Seventeen-year-old youngest to land national DJ slot
The country’s next Chris Moyles could be just around the corner in the form of Stoke on Trent College’s Lucas Yeomans — after the teenager became the youngest DJ to land himself a slot on a national radio station, writes Billy Camden.
Seventeen-year-old Lucas Yeomans will be coming to you live from the airwaves every week, after he bagged a regular Saturday morning slot for a national radio network.
The first-year creative media student at Stoke on Trent College was recruited to present on Signal Radio and its network of 11 stations, which broadcasts to more than 100,000 listeners every week, after being talent-spotted while doing work experience at the station.
He became the youngest DJ at the station, starting off on the so-called B-team of presenters, who provide cover when regulars are off sick or on holiday
But after impressing during his first few live shows, Lucas has now managed to snap up his own Saturday morning radio show, from 1am to 5am.
Speaking to FE Week on the morning of receiving the news, Lucas said: “This is very exciting, I’m really eager to get going on it. I still get that buzz as if it was my first show every time I go on air so I know it is what I want to be doing.”
The opportunity came about through links with Stoke on Trent College and Signal Radio, which gives students the opportunity to work behind the scenes at the station and take part in masterclasses with radio station staff.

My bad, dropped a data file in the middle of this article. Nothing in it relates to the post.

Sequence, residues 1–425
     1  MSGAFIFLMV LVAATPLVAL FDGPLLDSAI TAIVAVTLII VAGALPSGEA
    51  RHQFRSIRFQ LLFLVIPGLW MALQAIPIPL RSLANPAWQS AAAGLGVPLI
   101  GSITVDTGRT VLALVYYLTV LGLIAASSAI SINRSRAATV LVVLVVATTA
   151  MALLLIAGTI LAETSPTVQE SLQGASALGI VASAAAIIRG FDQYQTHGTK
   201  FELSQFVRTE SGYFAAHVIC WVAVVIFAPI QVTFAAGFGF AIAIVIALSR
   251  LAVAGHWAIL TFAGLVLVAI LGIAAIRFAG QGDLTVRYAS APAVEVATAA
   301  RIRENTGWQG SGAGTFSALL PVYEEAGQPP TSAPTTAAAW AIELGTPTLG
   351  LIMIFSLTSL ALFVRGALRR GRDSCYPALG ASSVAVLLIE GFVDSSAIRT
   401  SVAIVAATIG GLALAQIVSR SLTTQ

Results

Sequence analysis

On Lucas’ last day of work experience, the teenager was asked along to an interview and two weeks later he got a call asking if he could do an overnight show as the presenter was ill.
Lucas said: “The first show I did felt like the scariest moment of my life, but they taught me how to use the resources and gave me pre-prepared features and music. I came up with a bit of random talk as well.”
Now managers have marked Lucas out as a future star.
Terry Underhill, programme director for Signal’s parent company, the Wireless Group, said: “I’ve been massively impressed with Lucas. He has huge potential.
“We get many hundreds of people contacting us, wanting to be radio presenters, but Lucas has that x-factor.”
Lucas, who also volunteers on a community radio station, said he was chuffed with the attention from his “fans”.
He added: “The best part for me has to be entertaining the audience.
“During one of my shows a guy requested a song because he was doing the graveyard shift. I made a little joke about it on air and the person emailed in again saying ‘you legend’. It is those kinds of things and little perks that make me love it so much.”
Lucas has hankered after a media career ever since his primary school days, when he presented a talent show with his classmates.
He said his ultimate dream is to follow in the footsteps of his TV presenting heroes James Cordon, Alan Carr and Jonathan Ross to have his own chat show.
He would equally like to continue on the radio with a drive time or breakfast show on BBC Radio 1 mirroring the likes of Chris Moyles and Nick Grimshaw.
Lee Beddow, programme quality leader for media at Stoke on Trent College, said: “Lucas is the first student we’ve had who has become a Signal presenter. But we’ve had other students go on to help produce the breakfast show and help with sport.
“It’s a fantastic opportunity for him. I tuned in to listen at 4.30am on one of his shows and was excited to hear one of our students on air.”
Lucas’ top three bands:
1. Circa Waves
3. Catfish and the Bottlemen